And the vendors of fleet management systems to transit authorities across the nation come to the Island confident that their software can handle this little operation — but they leave humbled. Ms. Grant warns them: “This is Martha’s Vineyard, my friend. You have no idea what you’ve just gotten yourself into.” The software vendors have yet to figure out how to accommodate a little agency that will pull a bus from the Edgartown-South Beach run on a rainy day and throw it at whatever Island route needs it most.
Even the buses in the Island fleet are scaled to fit our unique roadscape. The VTA can’t buy buses in the standard width of 108 inches because they’re simply too wide for our streets. “We’re looking for a width of 96 inches,” says Ms. Grant, “and right now only two manufacturers make them.”
With so many challenges, what explains the VTA’s success? “It helps that we have a veteran staff,” says Ms. Grant. “We’re very good at what we do, because we’ve been doing it so long together. And on our workforce, we have a huge number of returning seasonal drivers each year. At the VTA, they don’t lose their seniority when they come back.”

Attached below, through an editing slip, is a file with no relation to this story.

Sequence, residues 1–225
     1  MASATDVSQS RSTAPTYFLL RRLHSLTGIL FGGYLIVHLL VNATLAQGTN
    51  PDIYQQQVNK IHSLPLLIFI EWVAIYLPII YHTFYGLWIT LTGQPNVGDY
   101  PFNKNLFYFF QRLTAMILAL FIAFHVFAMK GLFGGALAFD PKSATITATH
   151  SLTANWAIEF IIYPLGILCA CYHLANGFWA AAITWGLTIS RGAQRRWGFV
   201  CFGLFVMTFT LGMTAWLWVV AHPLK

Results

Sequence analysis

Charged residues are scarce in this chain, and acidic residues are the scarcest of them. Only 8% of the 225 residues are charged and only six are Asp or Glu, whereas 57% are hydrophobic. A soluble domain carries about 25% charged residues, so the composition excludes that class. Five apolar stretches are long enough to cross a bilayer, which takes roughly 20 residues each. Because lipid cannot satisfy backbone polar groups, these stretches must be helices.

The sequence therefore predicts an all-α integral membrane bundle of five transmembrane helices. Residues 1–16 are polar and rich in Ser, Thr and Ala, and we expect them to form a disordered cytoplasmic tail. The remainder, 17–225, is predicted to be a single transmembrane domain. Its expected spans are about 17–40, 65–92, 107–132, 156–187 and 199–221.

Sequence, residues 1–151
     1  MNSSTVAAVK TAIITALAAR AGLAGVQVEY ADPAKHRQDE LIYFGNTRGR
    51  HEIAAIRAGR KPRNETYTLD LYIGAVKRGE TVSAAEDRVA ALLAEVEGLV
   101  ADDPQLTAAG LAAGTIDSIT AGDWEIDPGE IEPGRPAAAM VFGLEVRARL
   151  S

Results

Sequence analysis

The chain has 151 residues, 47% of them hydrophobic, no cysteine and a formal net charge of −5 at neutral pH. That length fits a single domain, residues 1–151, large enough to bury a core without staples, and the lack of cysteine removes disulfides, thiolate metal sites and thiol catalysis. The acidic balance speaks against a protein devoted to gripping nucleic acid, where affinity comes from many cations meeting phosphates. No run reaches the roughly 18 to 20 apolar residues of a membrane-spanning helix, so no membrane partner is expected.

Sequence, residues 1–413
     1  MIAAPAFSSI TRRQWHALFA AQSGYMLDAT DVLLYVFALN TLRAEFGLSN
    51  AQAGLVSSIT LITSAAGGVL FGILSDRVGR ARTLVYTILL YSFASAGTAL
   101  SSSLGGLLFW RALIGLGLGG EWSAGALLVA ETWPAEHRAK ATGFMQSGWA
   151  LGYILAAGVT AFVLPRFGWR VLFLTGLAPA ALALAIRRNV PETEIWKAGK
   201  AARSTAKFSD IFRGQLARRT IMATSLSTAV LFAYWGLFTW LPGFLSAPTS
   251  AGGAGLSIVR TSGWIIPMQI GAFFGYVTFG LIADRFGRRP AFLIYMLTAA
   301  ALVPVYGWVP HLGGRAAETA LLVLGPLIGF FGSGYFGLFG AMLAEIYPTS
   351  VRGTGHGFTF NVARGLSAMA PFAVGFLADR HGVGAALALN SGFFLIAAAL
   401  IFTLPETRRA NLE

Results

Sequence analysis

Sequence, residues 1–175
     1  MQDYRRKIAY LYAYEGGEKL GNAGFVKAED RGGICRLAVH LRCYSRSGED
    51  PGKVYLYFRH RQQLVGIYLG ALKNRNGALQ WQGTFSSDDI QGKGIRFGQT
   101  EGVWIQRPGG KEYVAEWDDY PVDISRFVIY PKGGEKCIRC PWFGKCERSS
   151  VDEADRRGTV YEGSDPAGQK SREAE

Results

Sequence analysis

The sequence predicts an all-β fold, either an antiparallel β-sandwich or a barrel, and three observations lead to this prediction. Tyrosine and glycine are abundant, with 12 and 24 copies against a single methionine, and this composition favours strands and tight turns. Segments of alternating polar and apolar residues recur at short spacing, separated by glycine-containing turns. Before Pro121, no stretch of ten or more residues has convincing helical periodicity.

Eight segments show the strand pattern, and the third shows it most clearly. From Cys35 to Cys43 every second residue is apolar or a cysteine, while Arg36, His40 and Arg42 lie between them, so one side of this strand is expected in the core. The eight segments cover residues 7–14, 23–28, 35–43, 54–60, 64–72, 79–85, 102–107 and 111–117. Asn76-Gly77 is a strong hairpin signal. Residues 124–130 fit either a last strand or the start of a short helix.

From the rider’s perspective, the VTA is the ultimate Point A to Point B service — reliable, affordable and convenient. But Angie Grant understands that even as she crunches the smallest details of customer service, her agency is funded by government sources with a different agenda. “Our core mission,” she says, “is congestion mitigation and air quality improvement. That’s the big driver of mass transit everywhere.”
What’s ahead for the VTA? “I’d love to see us forming stronger relationships with the business community,” says Ms. Grant. “We need to educate business owners about the benefits of transit, for their staff and for their business. You know, if you’re parking your own car three or four doors down from your business, your customers can’t park there. If you spend $100 on an employee bus pass, you get a tax deduction and you’ve made your employee feel great.”
She’s also been thinking about all the bus pull-offs on the busy Edgartown-Vineyard Haven Road. “It’s great for our passengers that we’ll stop pretty much anywhere it’s safe to stop. But we’d like to have less of an impact on the roadsides, where we’re killing vegetation and degrading asphalt in some areas. It would be nice for our passengers to have amenities like benches and shelter, but formalizing bus stops has a financial, an aesthetic and operational impact — we need to consider these things and work them out with the towns.”
Finally, does Angie Grant have an opinion on the Roundabout, which her buses will be traversing almost 100 times on a busy summer day?
She shrugs and grins. “Our trip length isn’t going to change with or without a roundabout. It’s going to take us the same amount of time to get to Edgartown. The overall length of the trip won’t be any different; it’s just a matter of where we’re going to be backed up. It doesn’t matter to us.”